And the juggler stepped into the light from out of the congregation. Slim young man, the wiry, athletic kind. black tennis shoes, jeans, green turtleneck shirt. Solemn expression and freckles on his face in place of the expected makeup. Nothing special to look at. And no tools of his trade. He smiled. And began his routine. In fact, he went through his entire routine just as if he had brought balls and clubs and knives and scarves with him. We had all seen enough juggling to know what was going on. And in each part of the routine, he went one step further than he had ever juggled and we had ever seen. Seven balls is supposed to be the limit for the very best professional juggler. Our guy did eight, and we knew it when he did it and applauded the moment of triumph. On through twelve silk scarves in the air at once and seven knives, and we even knew when he set his torches on fire and got eight torches in the air all at once and caught them without burning himself. We laughed and shouted encouragement and applauded this remarkable performance. We couldn’t see it, but we believed it. We gave him a standing ovation. On Christmas Eve in church – a standing ovation! He held up his hand for silence, and the congregation sat down. The juggler wasn’t through. He was going to do an encore.
            He started juggling things we couldn’t quite recognize. What’s this? Chickens? Birds? Some kind of tree. Rings. One off of each finger. Five? Five gold rings. Got it. “The Twelve Days of Christmas.” He was going to juggle one of everything in the Twelve Days. The partidge, the pear tree, and all the rest. Impossible. But he was doing it. A swan. A goose and an egg. I was thinking, he’ll never get the maid and the cow off the ground, but with a great heaving effort, he did it. After that, the leaping lady and the dancing lord and the drum with drummer were a piece of cake. Every gift was in the air – way, way up in the air, because this was a lot of stuff. And as each piece came around, we knew what it was and shouted out its name as he caught it and threw it back into the air again. Fantastic! Nobody had ever done this before. The juggler was laughing. The congregation cheered like a crowd at a championship game when a last-minute score won it for the home team. The juggler suddenly clapped his hands loudly and stood still. One finger in front of his lips called for silence. And silence came.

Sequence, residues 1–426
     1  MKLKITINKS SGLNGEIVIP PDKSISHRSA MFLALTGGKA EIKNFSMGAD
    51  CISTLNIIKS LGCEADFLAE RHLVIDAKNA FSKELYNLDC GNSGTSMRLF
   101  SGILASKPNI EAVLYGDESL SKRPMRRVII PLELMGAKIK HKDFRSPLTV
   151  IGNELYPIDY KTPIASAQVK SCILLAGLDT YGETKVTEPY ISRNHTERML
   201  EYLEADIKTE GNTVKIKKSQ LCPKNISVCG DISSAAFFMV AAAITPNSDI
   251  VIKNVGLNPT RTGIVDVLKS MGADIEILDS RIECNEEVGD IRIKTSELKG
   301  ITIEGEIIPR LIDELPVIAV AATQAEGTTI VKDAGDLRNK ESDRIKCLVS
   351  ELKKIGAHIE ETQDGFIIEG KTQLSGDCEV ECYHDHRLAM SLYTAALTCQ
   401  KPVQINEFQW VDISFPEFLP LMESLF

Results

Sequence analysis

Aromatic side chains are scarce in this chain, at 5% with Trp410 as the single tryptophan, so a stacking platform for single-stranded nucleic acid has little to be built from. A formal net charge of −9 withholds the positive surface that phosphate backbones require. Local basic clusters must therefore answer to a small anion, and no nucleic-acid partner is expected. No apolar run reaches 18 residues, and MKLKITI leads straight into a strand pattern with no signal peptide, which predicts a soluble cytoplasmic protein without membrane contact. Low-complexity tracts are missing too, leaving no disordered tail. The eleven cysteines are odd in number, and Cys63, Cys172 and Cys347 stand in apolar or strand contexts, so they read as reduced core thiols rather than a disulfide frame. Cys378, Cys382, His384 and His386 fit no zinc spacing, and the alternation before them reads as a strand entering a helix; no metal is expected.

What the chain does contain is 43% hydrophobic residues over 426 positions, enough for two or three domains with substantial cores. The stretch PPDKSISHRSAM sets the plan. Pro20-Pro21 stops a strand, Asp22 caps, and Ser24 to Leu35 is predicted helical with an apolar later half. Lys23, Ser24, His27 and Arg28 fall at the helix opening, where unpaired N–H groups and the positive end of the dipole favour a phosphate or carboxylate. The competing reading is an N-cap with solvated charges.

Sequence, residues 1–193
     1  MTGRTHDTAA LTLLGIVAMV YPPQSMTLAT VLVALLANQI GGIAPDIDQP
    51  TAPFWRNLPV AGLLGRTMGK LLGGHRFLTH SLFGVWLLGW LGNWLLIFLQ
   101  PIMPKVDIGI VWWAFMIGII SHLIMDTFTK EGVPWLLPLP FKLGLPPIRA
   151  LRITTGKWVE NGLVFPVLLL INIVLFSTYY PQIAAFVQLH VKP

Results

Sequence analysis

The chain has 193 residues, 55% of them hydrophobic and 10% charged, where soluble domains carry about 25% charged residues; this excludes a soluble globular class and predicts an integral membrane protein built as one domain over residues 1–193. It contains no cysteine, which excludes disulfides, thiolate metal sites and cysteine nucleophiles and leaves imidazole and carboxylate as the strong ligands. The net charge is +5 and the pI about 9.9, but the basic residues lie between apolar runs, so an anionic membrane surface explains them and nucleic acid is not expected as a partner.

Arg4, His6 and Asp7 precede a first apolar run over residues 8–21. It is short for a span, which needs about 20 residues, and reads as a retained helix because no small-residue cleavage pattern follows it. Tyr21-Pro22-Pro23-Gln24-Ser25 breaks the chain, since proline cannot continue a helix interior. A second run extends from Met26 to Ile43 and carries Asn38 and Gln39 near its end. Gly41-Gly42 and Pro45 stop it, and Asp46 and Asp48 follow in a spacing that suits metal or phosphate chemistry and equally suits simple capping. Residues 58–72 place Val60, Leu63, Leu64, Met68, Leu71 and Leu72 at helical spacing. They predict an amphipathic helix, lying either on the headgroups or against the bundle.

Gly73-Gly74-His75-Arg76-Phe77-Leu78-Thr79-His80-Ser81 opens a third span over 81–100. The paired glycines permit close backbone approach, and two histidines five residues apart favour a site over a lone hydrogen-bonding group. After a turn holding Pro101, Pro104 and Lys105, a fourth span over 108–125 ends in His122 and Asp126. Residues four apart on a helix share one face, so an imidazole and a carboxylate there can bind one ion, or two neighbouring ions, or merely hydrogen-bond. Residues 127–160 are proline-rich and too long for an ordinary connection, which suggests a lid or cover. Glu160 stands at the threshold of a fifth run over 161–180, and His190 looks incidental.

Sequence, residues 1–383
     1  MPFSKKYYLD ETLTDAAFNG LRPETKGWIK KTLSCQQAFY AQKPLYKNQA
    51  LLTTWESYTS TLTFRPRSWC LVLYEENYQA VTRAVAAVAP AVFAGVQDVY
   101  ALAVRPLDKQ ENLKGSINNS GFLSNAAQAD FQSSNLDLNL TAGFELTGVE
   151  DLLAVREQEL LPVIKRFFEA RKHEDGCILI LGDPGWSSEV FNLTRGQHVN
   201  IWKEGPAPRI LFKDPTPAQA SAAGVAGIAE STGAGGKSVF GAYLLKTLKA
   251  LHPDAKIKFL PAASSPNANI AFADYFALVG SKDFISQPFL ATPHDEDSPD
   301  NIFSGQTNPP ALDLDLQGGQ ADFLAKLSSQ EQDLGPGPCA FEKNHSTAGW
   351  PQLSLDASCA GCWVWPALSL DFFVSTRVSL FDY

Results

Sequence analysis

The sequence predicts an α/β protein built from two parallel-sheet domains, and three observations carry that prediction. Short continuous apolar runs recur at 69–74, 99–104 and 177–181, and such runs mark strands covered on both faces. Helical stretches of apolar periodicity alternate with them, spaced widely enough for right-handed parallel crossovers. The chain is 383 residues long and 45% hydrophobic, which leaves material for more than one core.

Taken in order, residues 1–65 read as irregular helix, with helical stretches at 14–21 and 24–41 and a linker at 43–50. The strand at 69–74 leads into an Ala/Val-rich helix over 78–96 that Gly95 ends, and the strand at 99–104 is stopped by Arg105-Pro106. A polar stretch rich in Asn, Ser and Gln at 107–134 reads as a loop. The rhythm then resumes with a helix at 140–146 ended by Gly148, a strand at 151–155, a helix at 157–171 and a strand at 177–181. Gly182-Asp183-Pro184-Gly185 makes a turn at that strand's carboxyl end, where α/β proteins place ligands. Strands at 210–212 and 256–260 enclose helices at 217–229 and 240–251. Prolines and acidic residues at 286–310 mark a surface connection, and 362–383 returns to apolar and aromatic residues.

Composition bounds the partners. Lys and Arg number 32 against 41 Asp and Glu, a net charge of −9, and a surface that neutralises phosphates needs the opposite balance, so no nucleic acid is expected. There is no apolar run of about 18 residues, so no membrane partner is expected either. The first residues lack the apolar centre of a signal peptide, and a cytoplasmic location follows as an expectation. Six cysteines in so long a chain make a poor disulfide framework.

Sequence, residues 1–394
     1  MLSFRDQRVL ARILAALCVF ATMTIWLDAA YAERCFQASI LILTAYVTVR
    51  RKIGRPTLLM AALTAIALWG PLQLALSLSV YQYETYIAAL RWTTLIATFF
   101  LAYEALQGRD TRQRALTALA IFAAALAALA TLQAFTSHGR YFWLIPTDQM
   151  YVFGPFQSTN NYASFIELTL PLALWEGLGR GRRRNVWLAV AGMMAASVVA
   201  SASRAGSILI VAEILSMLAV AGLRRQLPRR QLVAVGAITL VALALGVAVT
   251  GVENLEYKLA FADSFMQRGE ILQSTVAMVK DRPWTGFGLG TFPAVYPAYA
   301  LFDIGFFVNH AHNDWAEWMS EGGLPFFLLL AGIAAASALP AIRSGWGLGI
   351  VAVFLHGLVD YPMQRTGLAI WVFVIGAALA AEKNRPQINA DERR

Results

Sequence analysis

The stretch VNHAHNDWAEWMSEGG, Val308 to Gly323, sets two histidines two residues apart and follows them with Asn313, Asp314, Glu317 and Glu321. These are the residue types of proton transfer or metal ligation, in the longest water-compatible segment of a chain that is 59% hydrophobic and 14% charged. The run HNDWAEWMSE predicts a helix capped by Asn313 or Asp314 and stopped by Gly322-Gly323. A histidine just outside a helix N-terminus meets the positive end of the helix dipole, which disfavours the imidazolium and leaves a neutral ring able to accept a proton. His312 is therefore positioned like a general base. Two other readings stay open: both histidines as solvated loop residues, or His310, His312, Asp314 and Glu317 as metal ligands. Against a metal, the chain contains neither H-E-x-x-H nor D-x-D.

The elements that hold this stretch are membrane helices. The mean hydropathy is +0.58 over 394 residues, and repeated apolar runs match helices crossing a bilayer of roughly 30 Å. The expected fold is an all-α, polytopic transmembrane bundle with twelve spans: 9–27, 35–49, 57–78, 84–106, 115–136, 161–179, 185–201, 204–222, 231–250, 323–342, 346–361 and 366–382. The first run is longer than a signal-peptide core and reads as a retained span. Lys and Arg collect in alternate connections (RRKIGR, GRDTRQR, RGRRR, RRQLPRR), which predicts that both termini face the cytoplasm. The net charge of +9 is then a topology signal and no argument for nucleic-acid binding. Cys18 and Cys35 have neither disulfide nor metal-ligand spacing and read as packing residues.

We stood looking at him and he at us – in the most powerful and meaningful moment of quiet I’ve witnessed at Christmas Eve. The sermon was supposed to follow the juggler. And it did. But it was not I who spoke. We were all addressed by a sermon of eloquent instructive silence. The silence in which we absorbed the power of the vision we had of the impossible event we had wished into being. The silence in which we thought about our capacity to realize things we can sometimes only imagine. Some of the most wonderful things have to be believed to be seen. Like flying reindeer and angels. Like peace on earth, goodwill, hope and joy. Real because they can be imagined into being. Christmas is not a date on a calendar but a state of mind.
Someone began to sing “Silent Night.” The small candles of those in the front were lit and they passed the flame on to the candles of those in rows behind them. The church filled with light. And we filed out of the church singing into the night and went home, taking our light with us.

Authentically yours, and with much love,


1 comment:

  1. How lovely my friend.

    Merry Christmas to all and to all a good night.